A review of 14 studies with a total of 224,049 participants found that the MIND diet (“Mediterranean-DASH Intervention for Neurodegenerative Delay”) is associated with reduced dementia risk for middle-aged and older adults (JAMA Psychiatry, May 3, 2023), and with reduced risk for Alzheimer’s disease (Alzheimers Dement, Sept 2015;11(9):1007-14).
The Mediterranean, DASH and MIND diets are all similar plant-based diets.
• The DASH diet helps to lower high blood pressure and high cholesterol by including foods that are rich in potassium, calcium and magnesium, and by restricting foods that are high in sodium, saturated fats and added sugars. See DASH (High-Plant) Diet for Heart Health, Weight Loss and Diabetes Prevention/Control
• The Mediterranean diet emphasizes plant-based whole foods and healthy fats and restricts processed foods, characteristic of the traditional diets in the Mediterranean area (Greece and the southern areas of Italy, Spain and France). You eat mostly vegetables, fruits, whole grains and legumes,and sources of healthful fats such as olive oil, seafood and nuts.
• The MIND diet is derived from the DASH and Mediterranean diets. It encourages consumption of vegetables, berries, nuts, olive oil, whole grains, fish and beans. The MIND diet includes:
• leafy green vegetables – at least 6 servings a week
• other vegetables – at least 1 serving a day
• berries – at least 2 servings a week
• whole grains- at least 3 servings a day
• fish – 1-2 servings a week
• poultry – 2 servings a week
• beans – 3 servings a week
• nuts – 5 servings per week
• olive oil
Foods to limit or avoid on this diet are red meat, sweets, fried foods, cheese, butter and margarine.
Dementia and Mild Cognitive Impairment (MCI)
Dementia usually starts with inability to remember names, places and faces. This often progresses to unreasonable behavior, loss of reasoning, loss of ability to solve simple problems and normal daily functions. It usually begins in later life. In the early stages, doctors diagnose Mild Cognitive Impairment (MCI) that often, but not always, progresses eventually to people not being able to take care of themselves. Rates of dementia and mild cognitive impairment rise sharply with aging. Dementia affects three percent of North American adults between 65 and 69, 22 percent of those in ages 85-89, and 35 percent of those in their 90s (JAMA Neurol, 2022;79(12):1242-1249).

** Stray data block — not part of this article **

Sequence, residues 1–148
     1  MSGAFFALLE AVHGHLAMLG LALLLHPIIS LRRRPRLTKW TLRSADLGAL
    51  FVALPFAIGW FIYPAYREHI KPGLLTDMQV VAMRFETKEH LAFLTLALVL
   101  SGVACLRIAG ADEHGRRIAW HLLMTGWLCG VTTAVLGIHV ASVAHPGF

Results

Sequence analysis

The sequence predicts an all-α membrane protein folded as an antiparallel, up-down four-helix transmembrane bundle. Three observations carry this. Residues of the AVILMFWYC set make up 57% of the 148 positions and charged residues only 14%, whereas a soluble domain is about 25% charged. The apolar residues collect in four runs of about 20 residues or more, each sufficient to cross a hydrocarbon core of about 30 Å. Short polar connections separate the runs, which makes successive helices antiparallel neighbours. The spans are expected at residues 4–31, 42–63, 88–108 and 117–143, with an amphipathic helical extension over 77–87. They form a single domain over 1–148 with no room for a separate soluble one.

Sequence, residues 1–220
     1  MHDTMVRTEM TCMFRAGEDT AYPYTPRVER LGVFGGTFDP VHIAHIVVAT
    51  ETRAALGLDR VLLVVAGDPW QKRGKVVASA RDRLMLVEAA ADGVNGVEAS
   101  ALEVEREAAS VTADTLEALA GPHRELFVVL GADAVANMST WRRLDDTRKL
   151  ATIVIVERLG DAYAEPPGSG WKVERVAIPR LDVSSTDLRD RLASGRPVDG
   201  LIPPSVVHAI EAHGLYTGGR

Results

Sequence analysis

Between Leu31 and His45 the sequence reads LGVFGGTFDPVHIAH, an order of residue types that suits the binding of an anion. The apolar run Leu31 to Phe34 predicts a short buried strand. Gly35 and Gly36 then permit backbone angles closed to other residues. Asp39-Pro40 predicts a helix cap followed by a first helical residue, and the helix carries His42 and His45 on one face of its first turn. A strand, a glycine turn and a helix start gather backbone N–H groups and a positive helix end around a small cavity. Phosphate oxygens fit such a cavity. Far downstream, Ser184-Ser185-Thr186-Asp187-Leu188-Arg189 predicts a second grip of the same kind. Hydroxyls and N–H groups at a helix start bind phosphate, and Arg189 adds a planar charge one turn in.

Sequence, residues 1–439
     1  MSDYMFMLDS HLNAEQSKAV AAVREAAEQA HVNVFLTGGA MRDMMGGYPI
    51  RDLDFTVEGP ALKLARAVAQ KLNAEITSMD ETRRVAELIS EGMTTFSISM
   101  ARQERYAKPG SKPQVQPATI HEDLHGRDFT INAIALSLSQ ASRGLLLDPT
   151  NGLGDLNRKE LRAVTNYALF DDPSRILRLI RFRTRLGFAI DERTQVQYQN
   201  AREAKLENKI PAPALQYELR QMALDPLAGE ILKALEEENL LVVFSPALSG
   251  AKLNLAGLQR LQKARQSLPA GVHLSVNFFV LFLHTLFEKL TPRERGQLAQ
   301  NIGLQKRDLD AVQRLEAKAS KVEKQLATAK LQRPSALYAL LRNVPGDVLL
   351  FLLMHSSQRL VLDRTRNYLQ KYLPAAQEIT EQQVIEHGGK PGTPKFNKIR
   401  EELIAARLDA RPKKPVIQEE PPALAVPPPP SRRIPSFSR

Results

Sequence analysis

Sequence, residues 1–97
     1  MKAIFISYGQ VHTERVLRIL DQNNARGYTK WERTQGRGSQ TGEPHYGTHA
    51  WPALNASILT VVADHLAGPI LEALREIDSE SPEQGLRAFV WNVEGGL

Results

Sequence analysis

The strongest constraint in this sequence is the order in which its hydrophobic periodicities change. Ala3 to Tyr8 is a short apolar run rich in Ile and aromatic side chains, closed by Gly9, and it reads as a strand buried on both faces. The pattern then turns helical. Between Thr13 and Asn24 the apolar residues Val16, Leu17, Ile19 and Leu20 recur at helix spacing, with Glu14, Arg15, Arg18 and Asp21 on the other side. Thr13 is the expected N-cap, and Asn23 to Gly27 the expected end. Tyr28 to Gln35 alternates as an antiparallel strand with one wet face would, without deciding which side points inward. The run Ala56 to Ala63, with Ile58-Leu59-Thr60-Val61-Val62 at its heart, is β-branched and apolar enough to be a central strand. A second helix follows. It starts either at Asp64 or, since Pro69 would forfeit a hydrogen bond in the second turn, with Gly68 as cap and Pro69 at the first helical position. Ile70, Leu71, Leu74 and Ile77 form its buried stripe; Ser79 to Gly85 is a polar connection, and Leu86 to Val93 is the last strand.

More Studies on the Influence of Diet on Dementia
The extensive research showing that plant-based diets help to prevent and treat dementia includes:
• Mediterranean diet helps to slow progression from mild cognitive impairment to dementia (Arch Neurol, 2009 Feb;66(2):216-25).
• Plant-based diet helps to slow progression of Alzheimer’s disease (Expert Rev Neurother, 2011 May;11(5):677-708).
• Diet to Stop Hypertension (DASH), and Mediterranean-DASH help to slow progression of dementia and mild congnitive progression (Adv Nutr, 2019 Nov 1;10(6):1040-1065).
• The MIND diet was associated with a marked reduction in cognitive decline during an average of almost 5 years (Alzheimers Dement, 2015 Sep;11(9):1015-22).
• DASH- and Mediterranean-like dietary patterns slow cognitive decline in older persons (Neurology, 2014 Oct 14;83(16):1410-6).
• MIND diet associated with reduced incidence of Alzheimer’s disease (Alzheimers Dement, 2015 Sep;11(9):1007-14).
Studies of Plant-Based Diets to Reduce Risk of Other Diseases
• Mediterranean and DASH and MIND Diets Slow Cognitive Decline After Stroke (J Prev Alzheimers Dis, 2019;6(4):267-273).
• Plant-based Diets help Prevent Brain Ageing in the Elderly (Curr Nutr Rep, 2018 Sep;7(3):139-149).
• MIND diet reduces 12-year incidence of cognitive impairment in an Australian longitudinal cohort study (Alzheimers Dement, 2019 Apr;15(4):581-589).
• Plant-based diets associated with reduced risk for atrial fibrillation (Eur J Nutr, Apr 29, 2023).
• MIND diet associated with reduced obesity risk (Front Nutr, 2023 Apr 11;10:1078961).
• MIND diet associated with reduced risk for high blood pressure (Front Nutr, 2023 Mar 14;10:1129667).
Your lifestyle helps to determine your susceptibility to develop dementia with aging. To reduce your chances of becoming demented:
• avoid sugared drinks including fruit juices
• severely restrict all sugar-added foods and other refined carbohydrates
• restrict fried foods
• avoid red meat (blocks insulin receptors)
• avoid processed meats
• eat a wide variety of vegetables, fruits, beans, seeds, whole unground grains, seeds, nuts and other healthful plant-based foods
• avoid smoking and being around smokers
• avoid alcohol or take no more than one drink a day
• lose weight if overweight
• keep hydroxy vitamin D above 30 ng/mL
• exercise regularly
Dr. Gabe Mirkin is a Villager. Learn more at www.drmirkin.com